A little over a year ago, in anticipation
of the major lifestyle change of retirement, I posted on my blog a piece
titled, “Pre-retirement musings.”
I’m retired no one is going to ask my opinion. And if I offer one, unsolicited,
I’ll either be patronized or ignored. I mean, once you retire, you’re no longer
“in the game.” Who cares what the retired guy thinks? He’s no longer got a
I understood that point from observation
over the years. When someone retired
from my place of employment, typically he (or she) would call or email
periodically to update their work colleagues on whatever they were doing. The attitude of the work colleagues was,
again typically, a collective shrug of dismissal.
I determined that I would be
different. I would not show up at
the office and expect my working friends to drop what they were doing, welcome
me in, and chat for 30 minutes. I would
not phone them, and if I emailed them the focus would be on their lives
and jobs, not mine. And I wouldn’t
expect a reply. (Good thing! I rarely send any of them an email (usually a
copy of a comic strip that satirizes the working environment there – especially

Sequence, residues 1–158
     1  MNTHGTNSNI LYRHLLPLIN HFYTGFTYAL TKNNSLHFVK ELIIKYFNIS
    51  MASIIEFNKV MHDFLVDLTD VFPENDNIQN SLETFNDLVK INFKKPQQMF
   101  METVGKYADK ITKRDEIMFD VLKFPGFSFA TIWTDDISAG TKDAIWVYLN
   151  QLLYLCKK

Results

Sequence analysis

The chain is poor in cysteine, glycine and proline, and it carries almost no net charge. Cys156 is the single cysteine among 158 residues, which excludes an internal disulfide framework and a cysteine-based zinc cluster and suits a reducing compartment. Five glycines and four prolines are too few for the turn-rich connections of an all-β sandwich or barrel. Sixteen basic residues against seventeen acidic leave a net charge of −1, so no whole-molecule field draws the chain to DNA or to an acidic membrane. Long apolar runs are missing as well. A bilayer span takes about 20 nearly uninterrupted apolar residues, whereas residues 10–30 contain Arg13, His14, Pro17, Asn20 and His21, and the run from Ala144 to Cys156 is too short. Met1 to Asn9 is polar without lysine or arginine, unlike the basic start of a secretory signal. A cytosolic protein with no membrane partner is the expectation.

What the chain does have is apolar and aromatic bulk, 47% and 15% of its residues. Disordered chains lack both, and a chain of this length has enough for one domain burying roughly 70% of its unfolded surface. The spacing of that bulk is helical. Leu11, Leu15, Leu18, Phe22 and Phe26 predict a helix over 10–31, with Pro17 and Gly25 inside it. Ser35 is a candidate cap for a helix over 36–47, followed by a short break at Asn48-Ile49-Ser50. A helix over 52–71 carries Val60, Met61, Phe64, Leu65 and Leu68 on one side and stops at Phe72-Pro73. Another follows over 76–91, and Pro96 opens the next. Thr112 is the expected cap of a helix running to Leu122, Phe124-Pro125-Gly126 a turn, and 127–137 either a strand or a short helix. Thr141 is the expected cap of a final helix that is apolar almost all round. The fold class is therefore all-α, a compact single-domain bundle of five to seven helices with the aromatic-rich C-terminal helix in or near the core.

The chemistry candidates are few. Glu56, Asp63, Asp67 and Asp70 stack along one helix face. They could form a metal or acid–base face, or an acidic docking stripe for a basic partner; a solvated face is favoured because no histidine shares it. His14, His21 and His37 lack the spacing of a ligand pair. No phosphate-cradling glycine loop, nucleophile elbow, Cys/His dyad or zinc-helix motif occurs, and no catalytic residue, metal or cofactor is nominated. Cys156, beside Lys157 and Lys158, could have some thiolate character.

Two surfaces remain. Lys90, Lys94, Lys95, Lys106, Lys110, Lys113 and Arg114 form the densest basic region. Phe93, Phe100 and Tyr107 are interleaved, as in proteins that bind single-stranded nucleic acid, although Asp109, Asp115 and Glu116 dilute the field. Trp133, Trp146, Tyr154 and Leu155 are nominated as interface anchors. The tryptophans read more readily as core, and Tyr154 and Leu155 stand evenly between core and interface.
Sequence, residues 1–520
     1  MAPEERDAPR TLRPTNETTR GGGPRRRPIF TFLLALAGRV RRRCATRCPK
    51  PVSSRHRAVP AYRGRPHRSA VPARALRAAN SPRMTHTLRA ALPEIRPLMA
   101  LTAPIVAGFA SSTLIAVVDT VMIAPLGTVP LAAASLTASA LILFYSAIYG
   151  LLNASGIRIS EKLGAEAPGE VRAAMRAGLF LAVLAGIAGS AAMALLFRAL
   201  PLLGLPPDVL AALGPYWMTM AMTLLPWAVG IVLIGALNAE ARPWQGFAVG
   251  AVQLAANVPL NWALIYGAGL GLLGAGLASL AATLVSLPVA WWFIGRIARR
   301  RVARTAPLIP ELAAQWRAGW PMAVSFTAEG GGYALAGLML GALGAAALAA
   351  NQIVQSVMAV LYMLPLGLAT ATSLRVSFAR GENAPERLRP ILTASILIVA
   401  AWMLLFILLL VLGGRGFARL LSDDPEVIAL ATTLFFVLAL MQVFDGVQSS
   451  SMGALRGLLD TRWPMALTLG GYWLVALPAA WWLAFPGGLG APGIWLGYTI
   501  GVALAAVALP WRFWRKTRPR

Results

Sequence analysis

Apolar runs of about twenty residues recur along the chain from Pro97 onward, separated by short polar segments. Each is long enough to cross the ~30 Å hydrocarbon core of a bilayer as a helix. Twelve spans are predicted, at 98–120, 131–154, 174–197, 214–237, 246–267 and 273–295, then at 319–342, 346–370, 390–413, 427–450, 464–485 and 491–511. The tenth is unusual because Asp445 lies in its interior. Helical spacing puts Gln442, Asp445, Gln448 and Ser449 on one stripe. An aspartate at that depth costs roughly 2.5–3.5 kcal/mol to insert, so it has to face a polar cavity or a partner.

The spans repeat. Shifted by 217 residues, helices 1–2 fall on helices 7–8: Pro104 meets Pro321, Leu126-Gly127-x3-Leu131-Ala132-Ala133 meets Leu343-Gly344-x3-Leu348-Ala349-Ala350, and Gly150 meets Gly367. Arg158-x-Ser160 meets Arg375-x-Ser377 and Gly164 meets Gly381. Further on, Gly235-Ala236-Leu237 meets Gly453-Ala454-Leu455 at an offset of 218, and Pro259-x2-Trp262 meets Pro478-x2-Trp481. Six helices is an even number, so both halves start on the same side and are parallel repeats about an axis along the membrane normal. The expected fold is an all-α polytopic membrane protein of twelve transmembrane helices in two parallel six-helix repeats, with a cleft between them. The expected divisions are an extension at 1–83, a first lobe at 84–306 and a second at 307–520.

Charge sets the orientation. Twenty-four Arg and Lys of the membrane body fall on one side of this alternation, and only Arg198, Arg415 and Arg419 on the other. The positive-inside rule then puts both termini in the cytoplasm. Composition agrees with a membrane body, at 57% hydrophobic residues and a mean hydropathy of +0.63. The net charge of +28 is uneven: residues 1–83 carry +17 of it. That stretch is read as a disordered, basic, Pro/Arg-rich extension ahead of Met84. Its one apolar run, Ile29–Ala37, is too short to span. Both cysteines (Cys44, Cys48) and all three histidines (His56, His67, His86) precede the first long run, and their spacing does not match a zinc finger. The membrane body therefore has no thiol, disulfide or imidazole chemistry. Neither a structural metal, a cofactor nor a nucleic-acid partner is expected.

some Dilbert strips!), and never get
But I’ve recently been seeing not-so-subtle
indications of how broad-based the stereotype of “old retired guy = irrelevant”
really is. How? Well, as anyone who has followed my blog
knows, I enjoy expressing my opinion. As an
outworking of that enjoyment I participate in a number of online forums
and opinion polling sites. I mean, why
not? I have the time, and some of those
sites offer rewards (like Amazon.com gift cards!) that I really use.
So, what’s the trouble? Well, many/most of the polls I complete ask “qualifying”
questions at the beginning to identify the demographic of the respondent. Often they’ll ask for zip code, annual income
range, marital status, home ownership vs. rental, and so on. But just about every poll also asks for
age/birth year. And many ask about
If I am honest – indicate my real age and
that I’m retired – I’m almost always re-directed to a “no thanks” screen and
told to “try again another time.”
But if I then go back, take ten years off
my real age and check the “employed full time” box, bingo! I’m in.
My opinion is then considered valid.
I know – that’s cheating! But the opinions I express are the same as
the ones I had 10 years ago! So am I really
cheating? Do most people’s opinions
change in 10 years, once they pass 45 or so?
I'm guessing that most of
the groups who write and sell these polls are people in their 20s and 30s. To them, anyone over 50 is a dinosaur. When I was 30 I probably felt the same
way. Okay, I DID feel the same way.
Add to that the fear of many younger
workers that we baby boomers will suck dry all of their Social Security as we
dodder off into oblivion. No wonder they
consider us irrelevant. Most probably
wish they could put us out on the ice floe and let us drift off to . . .
Maybe I should dye my gray hair a darker
color and lie about my age. At least
then I’d be considered relevant again!
That, or be considered even more senile
What a choice. No wonder many
old people seniors act bitter!